LINCOLN SQUARE — The No. 11 Lincoln Avenue bus is back.
Three years after the Chicago Transit Authority axed the Western-to-Fullerton leg of the No. 11 route, CTA President Dorval Carter reversed course and announced a "pilot" return of the bus come spring 2016. The No. 31 route on the South Side is also making a comeback.
Carter shared the news at Wednesday's meeting of the CTA's board. He said he had a "productive dialogue with the community" leading up to the decision.
"I can't speak to the process that occurred four years ago," Carter said. "I can speak to what I've heard from the community and the aldermen."
"This is a huge victory," said Ald. Ameya Pawar (47th), whose ward covers much of the route's footprint that was cut.
"The board members spent a lot of time working with us," said Pawar. "It's a real change in the relationship."
Wednesday's win, Carter noted, is only the first step toward potential permanent restoration of the No. 11 and No. 31 routes.
The announcement of a pilot doesn't mean the route is back for good, he clarified.
"They believe there is tremendous demand," Carter said of the route's supporters. "What I'm really doing is saying, 'Let's see if that's true.' The community continued to make the case. Let them prove it."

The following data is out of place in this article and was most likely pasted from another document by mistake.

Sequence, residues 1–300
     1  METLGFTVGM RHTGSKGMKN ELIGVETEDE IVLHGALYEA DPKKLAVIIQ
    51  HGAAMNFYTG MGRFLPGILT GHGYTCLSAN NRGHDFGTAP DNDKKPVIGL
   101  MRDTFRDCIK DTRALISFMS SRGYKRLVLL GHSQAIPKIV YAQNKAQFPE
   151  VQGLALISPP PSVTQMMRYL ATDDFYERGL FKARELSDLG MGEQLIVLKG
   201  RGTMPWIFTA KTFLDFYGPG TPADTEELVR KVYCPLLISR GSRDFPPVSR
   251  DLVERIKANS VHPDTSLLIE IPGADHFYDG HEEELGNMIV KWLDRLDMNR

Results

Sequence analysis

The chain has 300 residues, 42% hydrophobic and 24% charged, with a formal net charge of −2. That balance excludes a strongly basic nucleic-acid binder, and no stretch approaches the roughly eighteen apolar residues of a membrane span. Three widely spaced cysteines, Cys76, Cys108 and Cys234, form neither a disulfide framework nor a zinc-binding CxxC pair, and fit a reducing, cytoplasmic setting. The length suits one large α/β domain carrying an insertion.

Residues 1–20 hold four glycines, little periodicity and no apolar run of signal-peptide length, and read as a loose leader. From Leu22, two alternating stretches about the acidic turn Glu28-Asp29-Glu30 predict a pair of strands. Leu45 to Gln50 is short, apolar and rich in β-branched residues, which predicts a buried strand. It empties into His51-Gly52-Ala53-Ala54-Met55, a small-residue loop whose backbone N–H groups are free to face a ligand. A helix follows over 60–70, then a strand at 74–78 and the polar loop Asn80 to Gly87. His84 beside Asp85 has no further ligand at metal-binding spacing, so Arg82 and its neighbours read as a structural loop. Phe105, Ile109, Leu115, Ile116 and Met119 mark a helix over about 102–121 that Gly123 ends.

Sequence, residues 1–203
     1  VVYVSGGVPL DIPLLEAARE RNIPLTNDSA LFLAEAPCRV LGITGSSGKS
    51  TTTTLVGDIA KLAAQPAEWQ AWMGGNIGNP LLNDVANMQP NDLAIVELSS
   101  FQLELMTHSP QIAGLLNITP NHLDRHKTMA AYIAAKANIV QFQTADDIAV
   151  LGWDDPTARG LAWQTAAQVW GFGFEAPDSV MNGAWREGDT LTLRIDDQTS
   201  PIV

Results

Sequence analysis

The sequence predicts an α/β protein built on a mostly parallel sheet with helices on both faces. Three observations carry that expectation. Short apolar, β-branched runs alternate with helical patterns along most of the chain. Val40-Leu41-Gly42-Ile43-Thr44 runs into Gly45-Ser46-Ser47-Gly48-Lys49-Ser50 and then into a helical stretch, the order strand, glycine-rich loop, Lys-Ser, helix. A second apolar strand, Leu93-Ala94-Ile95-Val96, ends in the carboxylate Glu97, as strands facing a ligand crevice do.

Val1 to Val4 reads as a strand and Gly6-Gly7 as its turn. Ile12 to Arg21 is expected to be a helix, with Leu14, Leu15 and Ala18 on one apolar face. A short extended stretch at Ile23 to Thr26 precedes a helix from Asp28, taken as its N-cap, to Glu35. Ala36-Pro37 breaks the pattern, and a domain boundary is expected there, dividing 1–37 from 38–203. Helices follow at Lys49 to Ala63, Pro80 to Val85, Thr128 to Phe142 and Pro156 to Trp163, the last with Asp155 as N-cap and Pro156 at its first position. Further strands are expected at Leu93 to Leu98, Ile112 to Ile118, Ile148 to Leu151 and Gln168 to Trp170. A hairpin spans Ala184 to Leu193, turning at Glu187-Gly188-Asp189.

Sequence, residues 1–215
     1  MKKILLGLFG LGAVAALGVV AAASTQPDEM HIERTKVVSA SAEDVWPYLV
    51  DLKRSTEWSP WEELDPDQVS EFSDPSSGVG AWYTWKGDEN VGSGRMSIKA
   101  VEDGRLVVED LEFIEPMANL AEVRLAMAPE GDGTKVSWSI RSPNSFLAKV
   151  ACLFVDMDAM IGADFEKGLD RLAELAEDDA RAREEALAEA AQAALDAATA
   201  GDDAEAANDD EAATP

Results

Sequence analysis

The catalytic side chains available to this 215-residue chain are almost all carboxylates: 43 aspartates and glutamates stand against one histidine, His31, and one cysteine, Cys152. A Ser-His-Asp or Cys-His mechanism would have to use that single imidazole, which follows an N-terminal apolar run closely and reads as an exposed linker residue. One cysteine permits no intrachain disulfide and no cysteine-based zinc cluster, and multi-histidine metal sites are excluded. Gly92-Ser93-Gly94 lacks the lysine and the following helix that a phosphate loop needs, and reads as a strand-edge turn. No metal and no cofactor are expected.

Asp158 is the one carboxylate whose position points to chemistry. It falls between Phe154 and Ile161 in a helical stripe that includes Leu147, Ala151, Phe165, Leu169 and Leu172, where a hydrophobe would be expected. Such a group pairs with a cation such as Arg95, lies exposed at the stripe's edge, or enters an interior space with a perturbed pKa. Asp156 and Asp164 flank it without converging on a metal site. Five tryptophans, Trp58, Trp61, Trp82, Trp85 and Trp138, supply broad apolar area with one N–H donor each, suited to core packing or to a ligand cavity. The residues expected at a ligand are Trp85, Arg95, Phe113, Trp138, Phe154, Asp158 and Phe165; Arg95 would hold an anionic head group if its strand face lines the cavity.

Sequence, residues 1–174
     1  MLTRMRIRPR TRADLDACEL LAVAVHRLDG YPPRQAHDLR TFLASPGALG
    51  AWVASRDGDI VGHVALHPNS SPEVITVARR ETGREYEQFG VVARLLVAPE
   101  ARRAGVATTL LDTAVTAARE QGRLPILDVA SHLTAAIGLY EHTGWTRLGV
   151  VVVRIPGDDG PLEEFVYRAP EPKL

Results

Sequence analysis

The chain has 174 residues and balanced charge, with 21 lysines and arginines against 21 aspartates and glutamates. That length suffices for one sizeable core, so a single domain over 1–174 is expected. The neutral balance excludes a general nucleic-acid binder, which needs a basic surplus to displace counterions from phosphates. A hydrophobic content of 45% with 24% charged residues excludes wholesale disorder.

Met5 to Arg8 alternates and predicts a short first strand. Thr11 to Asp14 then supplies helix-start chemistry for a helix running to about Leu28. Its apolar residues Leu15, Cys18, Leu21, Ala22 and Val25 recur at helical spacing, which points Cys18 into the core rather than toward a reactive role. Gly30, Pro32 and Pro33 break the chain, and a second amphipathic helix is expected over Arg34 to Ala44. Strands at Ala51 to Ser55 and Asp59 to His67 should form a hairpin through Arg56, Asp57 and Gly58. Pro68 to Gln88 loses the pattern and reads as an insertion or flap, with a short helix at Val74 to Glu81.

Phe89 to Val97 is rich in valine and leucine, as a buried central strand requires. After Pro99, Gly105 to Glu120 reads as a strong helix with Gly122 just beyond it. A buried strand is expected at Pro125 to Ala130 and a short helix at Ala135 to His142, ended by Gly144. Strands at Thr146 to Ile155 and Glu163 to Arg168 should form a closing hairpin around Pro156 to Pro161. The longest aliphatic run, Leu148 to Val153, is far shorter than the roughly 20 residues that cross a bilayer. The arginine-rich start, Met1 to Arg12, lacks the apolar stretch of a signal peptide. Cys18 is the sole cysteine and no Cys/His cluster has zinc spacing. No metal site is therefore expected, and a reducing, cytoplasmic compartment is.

Ridership targets, yet to be determined, will be pegged to the pilot.
Carter said he will continue to work with the community and the alderman to determine what service will be provided during the pilot — weekdays, rush hour, weekends, etc.
"I literally don't know" what it will look like, Carter said.
The pilot will be paid for out of a fund reserved just for such test cases and won't require additional budgetary resources, Carter told the CTA board.
It's been a long road for No. 11 advocates, who've been protesting since 2012 the CTA's determination that the Lincoln route was "redundant" with Brown Line service. Eliminating the Western-to-Fullerton leg was part of a broader effort to funnel resources from duplicative or low-performing bus routes into rail service and routes experiencing growth.
"Bus and rail are complementary," Carter said. "The key is trying to find the right balance."
Pawar and other No. 11 supporters, including Ald. Michelle Smith (43rd), continually disputed the notion that Brown Line service met the needs of Lincoln bus riders. At board meeting after board meeting, residents clad in bright yellow "Save #11 Bus" t-shirts argued their case.
"You fight for things you believe in," said Pawar. "You create your luck by working at it."
The alderman credited Carter, appointed in May, and CTA Board Chairman Terry Peterson for "listening to the community."
Though supporters of the No. 11 route — including several chambers of commerce, advocates for senior citizens and various elected officials — initially focused their efforts on the return of the Lincoln Avenue route, in April of this year a crosstown coalition was announced that brought proponents of the No. 31 bus into the fold.
"We made this about citywide bus equity," said Pawar.
The alderman said he's planning a communication campaign to coincide with the No. 11's revival.
"We'll make sure everyone knows it's going to come back," he said. "Now we need people to ride."
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